Resource-wealthy economies across the continent should be performing far more effectively than they are. Nigeria, Angola, Gabon, Ghana, Equatorial Guinea and Chad have natural fossil fuel prospects which, if well governed, would constitute a potential boon for their economies (though this line of reasoning is fraught with difficulties given the risk of stranded assets in the longer run).
Similarly, mineral wealth in Botswana, South Africa, the Democratic Republic of the Congo, Namibia, Nigeria, Tanzania and Zimbabwe should translate into strong export growth which renders import-driven inflation less taxing on these countries, though this is often only a short-term benefit.
Unlike Kenya, however, these countries are all susceptible to varying manifestations of the resource curse. Poor governance at the time of discovering commercially viable resources has typically undermined the quality of the institutions on which a country’s future success depends.
If African countries are to perform better than currently predicted, a concerted focus will have to be directed towards improving government effectiveness and strengthening citizens’ abilities to hold their governments to account.
Resource wealth tends to create windfall rents for governing elites, who appropriate and distribute those rents to their patronage networks if left unchecked by the citizenry. Building checks and balances to prevent this dynamic is critical to future prosperity.
This is what institution-building is all about. Institutions are the social systems — beliefs, norms, values and culture — that motivate regular human behaviour. In other words, they provide the scaffolding for generating incentives.
Democracy is no panacea for creating the kind of norms and values that create accountable political leadership. On the contrary, democracy will typically only thrive if it emerges from a pre-existing norm of holding leaders to account. This norm has to be strengthened across the continent.
A second concerning feature of resource wealth in the absence of strong institutions is that it tends to crowd out a country’s manufacturing competitiveness. Raw material exports increase demand for a country’s currency, inflating its value. This makes imports more expensive and manufactured products similarly more expensive.
Given that premature deindustrialisation — countries moving out of manufacturing at lower rates of per capita income, and sooner, than their industrialised counterparts — is particularly prevalent in southern Africa, an over-reliance on natural resource exports is a long-term problem.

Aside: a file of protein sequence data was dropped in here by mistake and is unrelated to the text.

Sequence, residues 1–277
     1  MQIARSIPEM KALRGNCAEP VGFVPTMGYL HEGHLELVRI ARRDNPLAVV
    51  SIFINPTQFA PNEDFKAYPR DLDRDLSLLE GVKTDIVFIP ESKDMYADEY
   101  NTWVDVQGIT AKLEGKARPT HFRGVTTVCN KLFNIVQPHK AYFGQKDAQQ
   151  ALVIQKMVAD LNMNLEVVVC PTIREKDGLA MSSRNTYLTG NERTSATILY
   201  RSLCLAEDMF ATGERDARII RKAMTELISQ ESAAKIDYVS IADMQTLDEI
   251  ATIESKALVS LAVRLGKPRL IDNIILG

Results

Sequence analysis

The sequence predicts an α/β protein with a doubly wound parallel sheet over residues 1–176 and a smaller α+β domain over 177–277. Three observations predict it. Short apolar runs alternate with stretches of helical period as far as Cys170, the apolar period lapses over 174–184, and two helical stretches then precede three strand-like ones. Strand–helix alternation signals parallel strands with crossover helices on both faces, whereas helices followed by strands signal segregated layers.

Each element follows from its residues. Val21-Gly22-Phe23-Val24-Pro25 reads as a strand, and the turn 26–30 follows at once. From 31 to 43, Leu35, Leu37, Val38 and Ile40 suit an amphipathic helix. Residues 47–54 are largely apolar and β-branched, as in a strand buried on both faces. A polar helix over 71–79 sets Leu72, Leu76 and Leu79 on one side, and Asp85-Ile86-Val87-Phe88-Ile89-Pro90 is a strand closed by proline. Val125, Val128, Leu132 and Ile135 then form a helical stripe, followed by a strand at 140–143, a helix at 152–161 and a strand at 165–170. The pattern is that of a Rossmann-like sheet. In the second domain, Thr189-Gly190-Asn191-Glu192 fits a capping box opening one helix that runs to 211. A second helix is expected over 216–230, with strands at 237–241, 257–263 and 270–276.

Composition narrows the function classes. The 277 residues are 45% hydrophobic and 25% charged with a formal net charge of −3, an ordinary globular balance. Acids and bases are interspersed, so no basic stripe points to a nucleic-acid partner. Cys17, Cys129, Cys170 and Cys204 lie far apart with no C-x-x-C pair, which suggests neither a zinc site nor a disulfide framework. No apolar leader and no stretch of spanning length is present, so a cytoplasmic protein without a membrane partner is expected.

Simply exporting resources will not solve the growing youth unemployment problem. Smart (and preferably green) manufacturing is the only channel through which employment growth seems likely to start and be sustained.
Stronger institutions that enforce political accountability are a necessary (if insufficient) condition for transforming resource wealth into broad-based economic prosperity. It is therefore critical that civil society continues to demand such accountability from our leaders.
Of course, it would also help if state-owned entities like Eskom could keep the lights on (and power manufacturing) but its inability to do so should also open the playing field for a more competitive field of independent power suppliers to feed national grids (or create micro-grids where national transmission grids do not yet exist).
Clearly, there is much work to do to ameliorate the current negative outlook and improve governance on the continent in 2023.
This article first appeared in the Mail & Guardian on 12 January 2023.
Dr Ross Harvey is a natural resource economist and policy analyst, and he has been dealing with governance issues in various forms across this sector since 2007. He has a PhD in economics from the University of Cape Town, and his thesis research focused on the political economy of oil and institutional development in Angola and Nigeria. While completing his PhD, Ross worked as a senior researcher on extractive industries and wildlife governance at the South African Institute of International Affairs (SAIIA), and in May 2019 became an independent conservation consultant. Ross’s task at GGA is to establish a non-renewable natural resources project (extractive industries) to ensure that the industry becomes genuinely sustainable and contributes to Africa achieving the Sustainable Development Goals (SDGs). Ross was appointed Director of Research and Programmes at GGA in May 2020.